The iPod and now the iPhone show that Apple clearly understands the importance of accessible prices in targeting a large mainstream audience. The iPhone in particular has a special edge in that mobile phone prices are disguised in the shell game market of mobile operators’ subsidies.
No Room For An In.
With the iPhone, Apple has raised the bar by offering features with clear value, including a vastly superior human interface, a secure software deployment mechanism, strict quality control on hardware and software (exempting the current low point in stability plaguing the iPhone system software), and tight integration with iTunes. At the same time, Apple has given competitors, including Android phone makers, no breathing room to undercut it on price.
This will leave Android phone makers to churn out the same phones we’ve seen running Windows Mobile, except that they’ll be running open source software rather than Windows Mobile. Open source software has not demonstrated sufficient market appeal among consumers to effectively compete, even when offered for free. That’s because ideological features only appeal to a small niche of buyers.
Take a look at how well products do when their main features are, like Android, freedom and choice. Google effectively pays for the development of Firefox so users can download it for free, but the browser has seen limited adoption over the last half decade despite its technical superiority over Internet Explorer in many areas.
Safari has taken a share of the market roughly a half third as large as Firefox in just the last several months [Net Applications reports Firefox has a 19.46% share cross platform, while Safari has 6.65%; this proportion has been in place over the last year since Safari went cross platform in June 2007.], and it decisively leads Firefox in mobile use. Open source alternatives to iTunes have gone nowhere. Linux on the desktop has had very little impact. Freedom and choice sound good, but don’t result in sales.
Without the ability to fuel significant price savings for consumers or to add substantial, tangible value, Android will similarly not be able to match the high value, low cost impact the iPhone is experiencing, and Android’s focusing on freedom and choice simply won’t matter. That in turn will hold back the market for third party Android development, making the platform even less appealing to users.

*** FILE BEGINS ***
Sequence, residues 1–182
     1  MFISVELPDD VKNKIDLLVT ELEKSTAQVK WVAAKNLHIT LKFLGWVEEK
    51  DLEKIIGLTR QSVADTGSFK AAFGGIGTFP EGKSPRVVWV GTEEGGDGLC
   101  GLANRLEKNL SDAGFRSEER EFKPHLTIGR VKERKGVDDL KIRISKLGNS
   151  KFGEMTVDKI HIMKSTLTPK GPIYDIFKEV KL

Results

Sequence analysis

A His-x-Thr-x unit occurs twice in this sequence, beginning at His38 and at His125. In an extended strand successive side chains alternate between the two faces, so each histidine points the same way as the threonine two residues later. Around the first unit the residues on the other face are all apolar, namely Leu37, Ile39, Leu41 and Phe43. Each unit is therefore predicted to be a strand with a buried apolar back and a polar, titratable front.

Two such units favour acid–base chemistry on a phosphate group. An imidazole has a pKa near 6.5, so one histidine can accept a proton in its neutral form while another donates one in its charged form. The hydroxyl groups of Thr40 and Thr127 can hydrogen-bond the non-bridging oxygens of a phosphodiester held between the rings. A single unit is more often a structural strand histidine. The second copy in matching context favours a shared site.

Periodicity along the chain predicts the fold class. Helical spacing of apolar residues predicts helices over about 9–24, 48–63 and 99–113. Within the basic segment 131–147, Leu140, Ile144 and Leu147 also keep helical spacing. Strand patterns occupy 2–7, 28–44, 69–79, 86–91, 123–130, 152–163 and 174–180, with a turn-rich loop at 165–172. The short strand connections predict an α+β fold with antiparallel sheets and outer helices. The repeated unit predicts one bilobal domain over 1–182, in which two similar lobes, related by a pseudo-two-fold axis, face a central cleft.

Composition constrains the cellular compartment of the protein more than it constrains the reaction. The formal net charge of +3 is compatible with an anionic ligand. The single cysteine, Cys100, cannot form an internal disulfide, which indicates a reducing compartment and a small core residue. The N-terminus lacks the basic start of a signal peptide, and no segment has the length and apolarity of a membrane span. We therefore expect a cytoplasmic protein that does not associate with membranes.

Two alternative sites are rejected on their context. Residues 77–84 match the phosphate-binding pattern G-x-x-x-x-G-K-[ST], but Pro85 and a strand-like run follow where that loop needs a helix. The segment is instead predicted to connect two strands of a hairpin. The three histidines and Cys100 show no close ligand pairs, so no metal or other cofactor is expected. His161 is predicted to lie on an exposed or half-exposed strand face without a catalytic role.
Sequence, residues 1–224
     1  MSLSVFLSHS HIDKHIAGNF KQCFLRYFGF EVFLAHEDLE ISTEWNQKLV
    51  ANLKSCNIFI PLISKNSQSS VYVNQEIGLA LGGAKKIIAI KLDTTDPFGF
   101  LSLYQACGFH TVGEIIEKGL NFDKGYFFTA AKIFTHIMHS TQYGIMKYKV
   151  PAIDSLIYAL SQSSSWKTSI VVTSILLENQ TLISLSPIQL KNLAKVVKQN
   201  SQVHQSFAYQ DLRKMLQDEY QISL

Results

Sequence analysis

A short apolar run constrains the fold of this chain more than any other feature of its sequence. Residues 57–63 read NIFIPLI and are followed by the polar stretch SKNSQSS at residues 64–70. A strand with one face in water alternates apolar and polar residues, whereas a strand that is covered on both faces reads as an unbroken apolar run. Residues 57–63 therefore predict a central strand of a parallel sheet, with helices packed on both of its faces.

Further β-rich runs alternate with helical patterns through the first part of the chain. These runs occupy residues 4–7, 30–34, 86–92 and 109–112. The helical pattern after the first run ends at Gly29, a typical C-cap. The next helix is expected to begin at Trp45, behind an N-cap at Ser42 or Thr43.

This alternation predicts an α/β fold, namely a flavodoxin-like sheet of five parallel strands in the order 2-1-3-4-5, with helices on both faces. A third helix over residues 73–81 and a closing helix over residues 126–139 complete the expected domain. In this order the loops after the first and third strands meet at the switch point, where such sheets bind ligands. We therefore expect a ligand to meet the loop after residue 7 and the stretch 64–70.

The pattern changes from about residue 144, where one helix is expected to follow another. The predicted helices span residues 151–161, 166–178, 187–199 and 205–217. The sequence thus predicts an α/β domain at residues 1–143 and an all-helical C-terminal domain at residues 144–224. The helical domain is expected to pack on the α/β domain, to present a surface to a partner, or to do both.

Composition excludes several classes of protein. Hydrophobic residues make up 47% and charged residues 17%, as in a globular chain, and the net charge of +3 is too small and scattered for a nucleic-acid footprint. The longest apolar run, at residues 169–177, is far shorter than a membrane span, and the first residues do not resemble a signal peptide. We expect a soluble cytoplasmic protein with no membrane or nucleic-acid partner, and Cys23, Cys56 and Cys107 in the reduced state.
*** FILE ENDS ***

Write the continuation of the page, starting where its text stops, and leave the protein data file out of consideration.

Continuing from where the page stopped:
Market share for browsers, operating systems and search engines
The Spectacular Failure of WinCE and Windows Mobile
Will Google’s Android Play DOS to Apple’s iPhone?
The Web Browser Renaissance: Firefox and Safari
Could An Alliance of Big Name Manufactures Possibly Fail?
Advocates for Android cite the big names behind it. Motorola is currently failing, but LG and Samsung are strong leaders, and HTC is desperate to prove its ability to move past selling clunky phones running Windows Mobile. Google itself is also a powerful force in the industry.
Major alliances have failed spectacularly before however. All of the Android partners are also Windows Mobile developers backed up by Microsoft, which is itself reason for pause in cheerleading for Android. Most of them also participated in Microsoft’s failed PlaysForSure effort. Other examples:
- Sony put together an impressive roster of Blu-ray partners, but that product alliance won a battle with HD-DVD only to lose the war of pushing better-secured DRM discs as an alternative to DVDs.
- PowerPC formed a grand alliance of heavyweight supporters that were unable to materialize the goal of updating the crufty old PC desktop with modern, interoperable technology open to a variety of operating systems.
- Taligent and OpenStep lined up impressive partners, as did Intel and HP’s Itanium disaster.
- Efforts to create alliances to support commercial Unix, including the rival X/Open and OSF and then their combined efforts as the Open Group, largely only acted to observe its fall from relevance as it was blindsided by the rise of Linux.
- Linux has been supported by a series of alliances, both on the desktop (OpenLinux, United Linux LSB) and for mobiles (MLI, CELF, LiPS, LiMo, and now Android). While absorbing the role of commercial Linux among server applications, Linux has had little real impact in consumer electronics and PC applications apart from providing cost savings for manufacturers.
- Among mobile manufacturers, Java ME and Flash Lite have largely failed as middleware despite wide deployment across nearly every major manufacturer, while the Palm OS and Symbian are falling apart as partnership OS alliances between major manufacturers.
Origins of the Blu-ray vs HD-DVD War
Lessons from the Death of HD-DVD
Why Apple Hasn’t Used Intel Before
The Secrets of Pink, Taligent and Copland
Road to Mac OS X 10.6 Snow Leopard: 64-Bits
SCO, Linux, and Microsoft in the History of OS: 1990s
Will Google’s Android Play DOS to Apple’s iPhone?
The iPhone Threat to Adobe, Microsoft, Sun, Real, BREW, Symbian
The Egregious Incompetence of Palm
There are nearly as many failures in tech alliances as there have been tech alliances. That doesn’t bode well for Android. What about the prospects for the partners involved in the upcoming Windows Mobile 7? The next segment will take a look.